The last post, or not…

Louise Upston

The minister responsible for putting the brakes on online voting for local body elections six years ago says the digital option still comes with risk.

Taupō MP Louise Upston, part of whose electorate takes in Waipā, says the benefits of it are no clearer today than they were when she was Associate Minister of Local Government in 2016.

Her comments come as most Waipā candidates struggled to recall the last time they posted any letters. Some say they post fewer than 10 letters a year and a couple had not posted a letter in years.

All knew where the nearest mailbox was though.

Lower voter turnout has resulted in calls for online voting. Even Prime Minister Jacinda Ardern said she was “very worried” about the turnout and was surprised posting back papers were still an option when it was not the way people tended to engage.

She said it was time for local government to look at changing it to ensure better turnouts.

Eight councils were poised to trial online voting in 2016 but Upston announced earlier in that year that concerns about security and vote integrity made it was too early for the trial.

Upston said then online voting could be trialled at future elections, but she told The News this week other options could include physical polling places, a designated polling day or more collection options.

“Local elections are incredibly important, particularly with the raft of reforms going through such as Three Waters and the future of local government. The decisions councils make effect everyone, and they should be representative,” she said.

“Online voting is only one proposal and that comes with risk, the benefits of it are no clearer today than they were.”

“We must make it as easy as possible for people to have their voices heard while not compromising the integrity or accessibility of the electoral system.”

Upston laid the blame on a poor turnout to the Labour government which she said had “constantly undermined local government by cutting out core services and engaging in deceptive advertising campaigns laying the blame for issues like poor water quality at their feet.”

Greater consistency in the way local elections were run along with options like standardising the voter format and considering who runs the elections – local councils or Electoral Commission.

“There is still time for people to cast a vote and I encourage people to have their say,” said Upston.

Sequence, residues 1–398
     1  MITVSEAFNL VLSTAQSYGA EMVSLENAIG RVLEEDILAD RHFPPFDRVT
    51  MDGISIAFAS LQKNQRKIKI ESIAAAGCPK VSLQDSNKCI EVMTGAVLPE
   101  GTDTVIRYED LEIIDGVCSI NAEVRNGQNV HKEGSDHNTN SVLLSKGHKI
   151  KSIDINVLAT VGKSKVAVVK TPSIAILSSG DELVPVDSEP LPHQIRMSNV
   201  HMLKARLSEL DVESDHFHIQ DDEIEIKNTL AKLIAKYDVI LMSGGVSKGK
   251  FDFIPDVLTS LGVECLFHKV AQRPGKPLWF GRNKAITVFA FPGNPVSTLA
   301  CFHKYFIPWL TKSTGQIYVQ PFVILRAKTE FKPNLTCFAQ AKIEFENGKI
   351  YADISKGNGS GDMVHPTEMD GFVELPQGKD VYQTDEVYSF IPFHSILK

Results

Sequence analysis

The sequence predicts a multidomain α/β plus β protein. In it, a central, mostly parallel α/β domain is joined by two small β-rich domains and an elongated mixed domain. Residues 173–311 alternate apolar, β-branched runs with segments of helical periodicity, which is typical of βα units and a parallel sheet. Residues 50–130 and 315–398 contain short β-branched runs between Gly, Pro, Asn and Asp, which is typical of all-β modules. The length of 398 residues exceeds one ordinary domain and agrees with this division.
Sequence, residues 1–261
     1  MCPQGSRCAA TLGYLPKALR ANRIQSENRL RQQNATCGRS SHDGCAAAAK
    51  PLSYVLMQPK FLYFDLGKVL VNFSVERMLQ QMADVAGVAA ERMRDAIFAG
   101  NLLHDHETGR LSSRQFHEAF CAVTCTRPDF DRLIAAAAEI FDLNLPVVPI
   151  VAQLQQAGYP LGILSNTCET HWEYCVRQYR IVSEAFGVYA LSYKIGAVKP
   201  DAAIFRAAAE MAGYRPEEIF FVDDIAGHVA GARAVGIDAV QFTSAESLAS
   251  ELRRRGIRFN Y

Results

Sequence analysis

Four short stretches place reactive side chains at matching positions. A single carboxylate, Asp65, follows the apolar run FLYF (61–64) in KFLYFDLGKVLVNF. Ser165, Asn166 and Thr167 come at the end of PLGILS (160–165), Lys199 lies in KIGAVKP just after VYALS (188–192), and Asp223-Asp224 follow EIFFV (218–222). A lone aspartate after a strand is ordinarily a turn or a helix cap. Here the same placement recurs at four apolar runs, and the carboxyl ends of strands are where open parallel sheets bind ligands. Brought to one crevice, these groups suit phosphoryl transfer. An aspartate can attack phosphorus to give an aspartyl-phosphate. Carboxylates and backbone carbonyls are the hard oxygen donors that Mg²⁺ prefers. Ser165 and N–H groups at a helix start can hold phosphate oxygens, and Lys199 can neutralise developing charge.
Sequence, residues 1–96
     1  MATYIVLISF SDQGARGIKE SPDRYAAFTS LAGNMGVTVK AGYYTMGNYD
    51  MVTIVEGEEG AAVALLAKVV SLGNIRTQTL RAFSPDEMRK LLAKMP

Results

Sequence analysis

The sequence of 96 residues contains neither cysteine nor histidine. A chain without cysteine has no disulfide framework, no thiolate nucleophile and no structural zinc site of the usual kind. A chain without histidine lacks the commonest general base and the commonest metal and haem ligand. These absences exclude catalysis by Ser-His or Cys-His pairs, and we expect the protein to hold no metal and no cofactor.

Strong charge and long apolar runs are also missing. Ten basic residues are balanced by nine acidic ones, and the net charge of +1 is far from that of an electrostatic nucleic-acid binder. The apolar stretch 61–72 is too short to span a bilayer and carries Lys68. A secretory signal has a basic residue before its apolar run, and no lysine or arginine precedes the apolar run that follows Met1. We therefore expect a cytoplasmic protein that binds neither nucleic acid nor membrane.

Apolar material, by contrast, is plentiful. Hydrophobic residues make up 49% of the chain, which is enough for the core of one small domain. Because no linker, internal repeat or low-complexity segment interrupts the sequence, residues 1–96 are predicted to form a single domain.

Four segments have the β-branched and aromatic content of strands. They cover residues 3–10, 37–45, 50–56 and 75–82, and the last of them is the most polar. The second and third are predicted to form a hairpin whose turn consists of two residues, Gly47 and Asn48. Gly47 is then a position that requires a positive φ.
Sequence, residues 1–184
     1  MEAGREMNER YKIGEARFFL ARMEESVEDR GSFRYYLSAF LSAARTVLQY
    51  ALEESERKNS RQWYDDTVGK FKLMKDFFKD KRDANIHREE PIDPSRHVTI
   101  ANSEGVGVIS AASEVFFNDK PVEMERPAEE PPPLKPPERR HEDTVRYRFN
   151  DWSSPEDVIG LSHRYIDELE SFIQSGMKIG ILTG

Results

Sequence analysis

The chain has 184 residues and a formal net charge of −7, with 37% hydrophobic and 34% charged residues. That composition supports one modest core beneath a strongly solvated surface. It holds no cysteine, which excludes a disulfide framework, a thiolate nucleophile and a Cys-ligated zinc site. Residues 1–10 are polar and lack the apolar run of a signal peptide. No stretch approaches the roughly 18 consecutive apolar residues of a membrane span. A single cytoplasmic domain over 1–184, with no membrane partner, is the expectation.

Several candidates disagreed with Upston’s views about online voting.

Mike Montgomerie

Mike Montgomerie said rural entities he was involved with – Dairy NZ, FMG, Fonterra, Balance Agrinutrients etc – all use electronic voting.

“You receive an email with a pin and password, go to the website and vote. Those elections probably do not carry the same kind of fraud or hacking appeal or risk.”

Community board candidate Jo Davies-Colley said going online would see a higher participation rate and better engagement while colleague Alana MacKay said postal voting was “no longer the way to go.”

Incumbent mayor Jim Mylchreest said he favoured a mix of electronical and postal voting but put the blame back on electors.

Jo Davies-Colley

“People do need to take some responsibility to take part in the democratic system.”

Sue Milner wants to see a return to the time when polling days were a community event which invariably ended up as a neighbourhood evening as votes were announced.

Roger Gordon said The News could not be blamed as it helped raise awareness with news articles, features and advertising.

“I wonder if it is the lack of any opposing positions by candidates. Four of the Cambridge candidates have worked together for the past three years on many common issues. Perhaps it is time to move to electronic voting.”

Lou Brown

Veteran Lou Brown, like Upston, blamed central government.

“Local government has inherited a tarnished image with the claims made over Three Waters, local government reforms, the current lack of basic state highway maintenance, and the current Urban Intensification Act all having a negative impact on local body elections.”

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